View Full Version : Kerry’s Secret Plan to End the War

05-18-2004, 09:25 PM
He hints around about having one. But why can’t the Massachusetts senator lay it out?
By Richard Wolffe
Updated: 4:23 p.m. ET May 18, 2004May 18 - For politicians, striking the right tone about war is rarely easy, except in times of resounding victory—and this clearly isn’t one of them. The choice of tone is relatively simple for George W. Bush: certainty about future success and celebration of past triumph. But for John Kerry, the struggle to talk about Iraq seems as hard as the administration’s struggle to find an exit strategy. He hedges and he dodges; he issues caveats and subordinate clauses. Kerry’s underlying suggestion is that he thinks he can turn the war around. But he finds it unusually difficult to say so in simple terms, without offering ammunition to his rivals.

It has been only two months since Kerry entangled himself in the notion that the rest of the world was yearning for his victory over Bush. “I’ve been hearing it, I’ll tell you. The news, the coverage in other countries, the news in other places,” Kerry told a Florida fundraiser. “I’ve met more leaders who can’t go out and say it all publicly, but boy, they look at you and say, you gotta win this, you gotta beat this guy, we need a new policy, things like that.” Those comments have become fodder for a thousand Republican punchlines, endlessly repeated by Bush and Vice President Dick Cheney as part of their standard speech on the stump. .

Kerry made a similar assertion last week, when asked how he would overcome international opposition to sending troops to Iraq. Kerry said that even countries that have publicly ruled out sending troops to Iraq—like France—would reverse their positions with a new president. Citing “conversations” with “senators and other diplomats”, Kerry told reporters at his campaign headquarters. “Given the right statesmanship and leadership, it’s possible to have a very different level of participation. I know what the public statements are today. It doesn’t deter me one iota from saying what I say based on private conversations.”

Whether or not the rest of the world likes Kerry—and whether or not any American voter should care—is beside the point. Kerry’s suggestion that many world leaders want to change U.S. foreign policy—and the administration behind it—is obvious to anyone who has picked up a newspaper in the last three years. What’s less clear is why Kerry would cite private conversations to back up his position. Some critics suggest that the Massachusetts senator is echoing Nixon’s “secret plan” to end the Vietnam war. However Kerry’s plan is anything but secret. He wants a NATO mission in Iraq, and has described that mission down to the sectors and operations that could come under its control. He has outlined not just his desire to include the United Nations in Iraq’s future, but the title of the person leading its work: a high commissioner, no less. And he wants a “massive training effort” to rebuild Iraq’s security forces. You can disagree with Kerry’s policy, or even dismiss it as similar to Bush’s approach. But you can’t call it a secret.

Kerry’s problem here is political, of being outmaneuvered and outspun by his opposition. Take the prisoner-abuse scandal. Kerry’s comments on the pictures were mild until the end of last week, yet that did not stop the Bush campaign from tearing into him for “politicizing” the issue. Campaign chairman Marc Racicot accused Kerry of having “relentlessly played politics with the war in Iraq,” and suggested there was something treasonous in criticizing Bush at a time of war. “At a moment when America and Americans stand strong behind our troops on the battlefield, John Kerry is attacking President Bush and the military and seeking to divide along party lines,” he told reporters. Ignoring for a moment the obvious politics of Racicot’s attack, the Bush campaign’s message is reaching its target. According to the latest NEWSWEEK poll, 54 per cent of Americans (including more than half of independent voters) say it’s inappropriate for Kerry to criticize Bush when U.S. troops are fighting in Iraq.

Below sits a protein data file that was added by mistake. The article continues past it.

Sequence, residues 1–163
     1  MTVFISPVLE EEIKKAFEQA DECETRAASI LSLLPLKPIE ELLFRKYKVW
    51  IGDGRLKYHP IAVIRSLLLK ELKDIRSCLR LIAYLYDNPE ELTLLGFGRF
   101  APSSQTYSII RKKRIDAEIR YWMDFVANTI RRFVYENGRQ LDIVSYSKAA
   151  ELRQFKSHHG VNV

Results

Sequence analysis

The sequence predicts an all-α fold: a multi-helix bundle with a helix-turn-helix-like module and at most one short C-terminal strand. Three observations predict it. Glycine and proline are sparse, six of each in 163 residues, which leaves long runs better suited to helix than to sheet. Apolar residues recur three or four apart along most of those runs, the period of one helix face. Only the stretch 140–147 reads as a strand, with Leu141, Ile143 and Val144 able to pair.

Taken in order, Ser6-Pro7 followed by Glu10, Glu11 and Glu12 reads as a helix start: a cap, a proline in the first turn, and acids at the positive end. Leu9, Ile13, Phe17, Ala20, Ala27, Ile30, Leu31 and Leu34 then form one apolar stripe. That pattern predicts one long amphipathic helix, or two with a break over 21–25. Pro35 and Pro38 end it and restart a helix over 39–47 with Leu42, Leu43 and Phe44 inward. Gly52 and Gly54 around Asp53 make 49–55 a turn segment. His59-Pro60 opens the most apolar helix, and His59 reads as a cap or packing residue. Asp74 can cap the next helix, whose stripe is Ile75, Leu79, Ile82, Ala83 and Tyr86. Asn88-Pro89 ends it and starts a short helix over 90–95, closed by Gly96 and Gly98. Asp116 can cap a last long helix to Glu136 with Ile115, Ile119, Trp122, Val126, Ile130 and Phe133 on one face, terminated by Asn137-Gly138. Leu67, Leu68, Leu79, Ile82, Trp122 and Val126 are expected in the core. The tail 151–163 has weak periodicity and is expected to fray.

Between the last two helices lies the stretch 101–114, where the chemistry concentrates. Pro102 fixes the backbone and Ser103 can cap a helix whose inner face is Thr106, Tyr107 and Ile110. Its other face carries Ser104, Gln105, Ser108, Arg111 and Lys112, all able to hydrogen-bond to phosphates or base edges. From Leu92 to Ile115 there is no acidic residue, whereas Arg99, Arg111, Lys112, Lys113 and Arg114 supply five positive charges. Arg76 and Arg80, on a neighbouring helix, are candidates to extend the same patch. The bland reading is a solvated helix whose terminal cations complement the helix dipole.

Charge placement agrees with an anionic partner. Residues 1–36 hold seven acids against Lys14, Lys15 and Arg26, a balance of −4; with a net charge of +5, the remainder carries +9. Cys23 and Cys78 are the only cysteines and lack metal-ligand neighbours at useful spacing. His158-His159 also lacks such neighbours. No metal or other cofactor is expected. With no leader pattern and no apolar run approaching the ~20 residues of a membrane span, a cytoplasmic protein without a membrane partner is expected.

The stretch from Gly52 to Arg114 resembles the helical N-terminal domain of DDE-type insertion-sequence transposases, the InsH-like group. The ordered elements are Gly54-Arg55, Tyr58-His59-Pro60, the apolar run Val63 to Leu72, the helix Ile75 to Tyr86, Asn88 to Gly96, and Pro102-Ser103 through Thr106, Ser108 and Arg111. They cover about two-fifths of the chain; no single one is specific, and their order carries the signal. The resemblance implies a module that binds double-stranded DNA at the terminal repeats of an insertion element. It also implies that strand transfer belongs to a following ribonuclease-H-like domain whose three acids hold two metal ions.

In fact, Kerry’s position on the prison photos is best described as ultra-cautious. When the photos first emerged, he issued a written statement saying that he was merely “disturbed and troubled” by the events. It would take another week before Kerry spoke in public on the scandal, as Congress jumped into the fray. Even then, the senator limited his finger-pointing at the Bush administration to what he called Defense Secretary Donald Rumsfeld’s “slow and inappropriate” response and Bush’s failure to express regret. After seeing the pictures of abused prisoners for himself in Washington, Kerry finally took his attack to the highest pitch, accusing the president of ignoring reports from the Red Cross and failing to uphold American standards in wartime. “As president I would personally have been concerned long ago about the reports that were coming out form the Red Cross and from elsewhere, about the pictures from Guantanamo, about the status of our own approach,” he told reporters. “Our own soldiers are at greater risk of torture and ill treatment when we don’t live up to that.”

From the outset, Kerry’s strategists believed the controversy would hurt Bush as part of a general picture of incompetence—rather than a personal scandal that could be connected directly to the White House. “It’s the whole sense of a president who isn’t really in command of this thing,” said one senior Kerry adviser. Kerry’s challenge now is to convince voters he really could be in command of Iraq’s future. “You have to change the entire dynamic, ladies and gentlemen,” he told reporters last week, explaining how he would secure more foreign troops to help in Iraq. “You cannot do it proceeding as we are today with a stiff arm to the international community, with a half-hearted sort of open door, without a legitimate transfer of authority, without a recognition that you’ve made some mistakes.” In 2000, George W. Bush declared he was going to change the tone in Washington. Four years later, John Kerry could do worse than saying he wants to change the tone outside Washington—and start by changing his own.